March 25, 2013

You are always on my mind....

Hah!  Bet you thought I was going to write about my husband, or my kids, or maybe Willie Nelson (although I do have a cute Willie Nelson story, but that's for another day).  No, something else has been on my mind lately, and with Easter just around the corner, it's time to talk about really important topics, like banana pudding.

I kid you not...on Facebook and Pinterest over the weekend there must have been over a dozen different postings about banana pudding, so clearly I am not the only one whose thoughts are turning to spring and delicious desserts.  I grew up eating my mother's banana pudding and have made it many, many times for my own family, so I admit to thinking I was a bit of a banana pudding expert.  Much to my chagrin, I was proven wrong!

True husband and I were vacationing in Tennessee a couple of years ago, and had stopped in at a small convenience market to pick up a couple of staples before heading back to our cabin to cook supper.  I was waiting for my husband to pay for our purchases and was idly looking at the small refrigerated display case, where little tubs of banana pudding were displayed.  Another tourist, seeing where I was looking, came over and emphatically exclaimed that I HAD TO BUY the banana pudding.  She went on and on about how wonderful it was, and shared that she and her husband had been stopping in each day on their vacation to buy a fresh tub. So when my husband came over by me I told him we'd been instructed that we HAD TO BUY the banana pudding.  The store owner volunteered at that point that it was made fresh each day by his wife and mother-in-law, and claimed it was the best pudding in the world. 

So later on that night, while we were relaxing on the beautiful deck at the cabin watching the stars warming up their twinkles, my husband went into the kitchen and came back out with the tub and two spoons. Feeling rather skeptical, we tasted the pudding and.........

Remember that classic scene in the 1984 sci-fi movie Starman, starring Jeff Bridges and Karen Allen, where Bridges (an alien who is stranded on earth) takes his first bite of apple pie?  And his face just kind of melts into this HUGE satisfied grin?
Well, heck yeah, that was us!  The store owner and the tourist were right, this was THE BEST banana pudding in the world!  And we went back every single afternoon until our vacation ended to buy a new tub.  No amount of cajoling would wrestle the top secret recipe out of him, but he did finally admit that there was cool-whip in the pudding, plus a special vanilla pudding from Pittsburgh.  So once we got home I 'googled' (is that a proper verb now?  if not, it should be, because I 'google' all the time) and I found Paula Deen's recipe, which is pretty darn close to the perfection we tasted in Tennessee.  So if you have not run across the recipe before, I've posted it in my Recipes tab, just in time for Easter or a spring brunch.  Maybe it's not the most elegant dessert (think more along the lines of 'down home cooking') but the taste just can't be beat.  What's not to love about a recipe named Not Yo' Mama's Banana Pudding?!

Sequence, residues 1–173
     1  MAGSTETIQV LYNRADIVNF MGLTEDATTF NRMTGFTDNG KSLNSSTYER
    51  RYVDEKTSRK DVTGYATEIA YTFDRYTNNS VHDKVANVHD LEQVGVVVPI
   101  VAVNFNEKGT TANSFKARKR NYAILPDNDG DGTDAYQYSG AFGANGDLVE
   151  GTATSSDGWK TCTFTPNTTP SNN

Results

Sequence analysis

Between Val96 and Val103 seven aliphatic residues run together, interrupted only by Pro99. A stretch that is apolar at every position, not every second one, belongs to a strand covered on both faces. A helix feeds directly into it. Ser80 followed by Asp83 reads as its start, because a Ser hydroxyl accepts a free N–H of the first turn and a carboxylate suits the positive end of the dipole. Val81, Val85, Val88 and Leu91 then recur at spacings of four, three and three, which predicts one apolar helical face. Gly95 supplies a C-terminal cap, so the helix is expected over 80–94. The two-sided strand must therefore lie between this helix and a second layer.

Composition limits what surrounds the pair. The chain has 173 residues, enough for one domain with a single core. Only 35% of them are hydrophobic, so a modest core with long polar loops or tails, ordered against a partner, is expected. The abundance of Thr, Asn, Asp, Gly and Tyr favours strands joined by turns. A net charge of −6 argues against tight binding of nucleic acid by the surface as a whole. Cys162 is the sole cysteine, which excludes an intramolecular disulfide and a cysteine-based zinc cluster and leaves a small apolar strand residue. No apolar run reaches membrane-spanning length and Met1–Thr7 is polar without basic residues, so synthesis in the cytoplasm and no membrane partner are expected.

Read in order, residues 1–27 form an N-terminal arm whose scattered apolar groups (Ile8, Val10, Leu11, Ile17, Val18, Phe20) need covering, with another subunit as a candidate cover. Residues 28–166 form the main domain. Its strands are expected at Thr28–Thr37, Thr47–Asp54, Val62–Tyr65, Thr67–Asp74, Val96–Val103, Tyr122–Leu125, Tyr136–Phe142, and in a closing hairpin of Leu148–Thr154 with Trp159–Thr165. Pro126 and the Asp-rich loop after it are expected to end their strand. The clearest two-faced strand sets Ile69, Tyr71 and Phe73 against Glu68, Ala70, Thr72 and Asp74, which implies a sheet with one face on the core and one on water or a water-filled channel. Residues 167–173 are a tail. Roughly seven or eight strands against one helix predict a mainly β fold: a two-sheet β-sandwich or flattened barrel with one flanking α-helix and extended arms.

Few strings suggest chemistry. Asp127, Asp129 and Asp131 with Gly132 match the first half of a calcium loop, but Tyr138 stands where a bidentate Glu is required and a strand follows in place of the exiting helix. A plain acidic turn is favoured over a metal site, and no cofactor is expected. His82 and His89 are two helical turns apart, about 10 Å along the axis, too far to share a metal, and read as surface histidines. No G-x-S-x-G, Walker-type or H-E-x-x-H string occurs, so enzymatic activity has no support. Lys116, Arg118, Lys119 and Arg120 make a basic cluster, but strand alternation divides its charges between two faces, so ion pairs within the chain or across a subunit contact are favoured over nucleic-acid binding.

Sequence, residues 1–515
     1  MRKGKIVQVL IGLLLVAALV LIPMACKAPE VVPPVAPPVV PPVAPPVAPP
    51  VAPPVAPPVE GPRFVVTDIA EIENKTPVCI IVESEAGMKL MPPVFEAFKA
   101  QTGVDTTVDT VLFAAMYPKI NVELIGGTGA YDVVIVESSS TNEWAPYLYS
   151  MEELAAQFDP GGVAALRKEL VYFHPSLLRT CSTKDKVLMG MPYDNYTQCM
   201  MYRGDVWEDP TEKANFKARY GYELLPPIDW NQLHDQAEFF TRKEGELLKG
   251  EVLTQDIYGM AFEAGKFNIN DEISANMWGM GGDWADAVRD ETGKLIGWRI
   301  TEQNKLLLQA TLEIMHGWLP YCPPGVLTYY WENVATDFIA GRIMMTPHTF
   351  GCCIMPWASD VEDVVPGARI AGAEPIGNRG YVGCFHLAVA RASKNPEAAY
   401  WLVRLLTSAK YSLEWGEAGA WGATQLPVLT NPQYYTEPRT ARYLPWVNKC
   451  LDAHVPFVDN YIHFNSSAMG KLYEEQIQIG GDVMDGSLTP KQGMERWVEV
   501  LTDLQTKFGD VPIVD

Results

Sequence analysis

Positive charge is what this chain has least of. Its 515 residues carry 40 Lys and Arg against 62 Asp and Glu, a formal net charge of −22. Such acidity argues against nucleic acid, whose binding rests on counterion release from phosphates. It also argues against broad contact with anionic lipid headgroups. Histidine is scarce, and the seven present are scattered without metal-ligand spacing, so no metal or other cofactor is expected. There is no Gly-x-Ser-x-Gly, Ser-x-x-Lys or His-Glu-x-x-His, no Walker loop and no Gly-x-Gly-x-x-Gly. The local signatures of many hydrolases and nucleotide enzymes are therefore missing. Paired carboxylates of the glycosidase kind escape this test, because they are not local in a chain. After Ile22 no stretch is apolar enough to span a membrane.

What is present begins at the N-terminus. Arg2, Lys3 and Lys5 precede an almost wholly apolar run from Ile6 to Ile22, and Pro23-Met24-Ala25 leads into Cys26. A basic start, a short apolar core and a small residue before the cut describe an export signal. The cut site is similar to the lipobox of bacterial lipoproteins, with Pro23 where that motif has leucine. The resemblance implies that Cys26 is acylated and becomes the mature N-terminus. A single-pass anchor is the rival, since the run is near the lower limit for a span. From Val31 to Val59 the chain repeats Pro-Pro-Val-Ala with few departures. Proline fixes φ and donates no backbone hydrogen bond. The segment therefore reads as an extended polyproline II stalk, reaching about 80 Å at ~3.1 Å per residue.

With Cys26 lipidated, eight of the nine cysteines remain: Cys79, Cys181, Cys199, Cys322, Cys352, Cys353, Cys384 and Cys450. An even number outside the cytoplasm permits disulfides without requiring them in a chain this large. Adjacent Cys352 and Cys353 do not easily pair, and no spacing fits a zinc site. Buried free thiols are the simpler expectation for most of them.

So now you are probably wondering how on earth I'm going to incorporate a poem into today's post?  I must admit, it's a bit of a challenge to find poems about banana pudding, even really amazing banana pudding, but as luck would have it, I did find a poet who wrote a short article on villanelles, a French poetic form that has repeating lines and rhymes.  And, one day while musing on the subway, she realized that banana pudding was in fact much like the composition of a villanelle--seemingly complex but actually quite simple in construction. 

The poet, Karin Gustafson, shares that "Although the dessert, a layered concoction of creamy custard, banana slices, vanilla wafers, and whipped cream, seems very elaborate, it is in fact made with a relatively small number of ingredients, several of which are prepackaged (as in the vanilla wafers and the bananas).  What the recipe does require, however, is planning;  i.e. your pudding needs time to set, your bananas must be more or less uniformly sliced (and not too soon before assembly); your cream whipped, your wafers unboxed.  Without that planning, the whole concoction is flat, runny.

Which is amazingly like writing a villanelle.  Because you really do need to spend a bit of time getting your repeating lines right, and choosing flexible rhymes. Otherwise it will just collapse. But once you have your base ingredients ready, the assembly is really quite fun. Unfortunately, villanelles, like many poetic forms, seem to have fallen from fashion in modern poetry. Some critics might even say that villanelles, like Banana Pudding, are essentially a Trifle. (As in an English confection of sherry-soaked cake, fruit, custard, cream. All I can say is that Trifle, like Banana Pudding, is pretty terrific stuff." 

I couldn't agree more, so here is today's poem, a fun little villanelle for your reading pleasure.  It celebrates spring, and surely if we start the celebration now spring will decide to drop by for a visit?

in Just-by E. E. Cummings

in Just-
spring when the world is mud-
luscious the little
lame baloonman

whistles      far      and wee

and eddieandbill come
running from marbles and
piracies and it's

when the world is puddle-wonderful

the queer
old baloonman whistles
far      and      wee
and bettyandisbel come dancing

from hop-scotch and jump-rope and


 baloonMan      whistles

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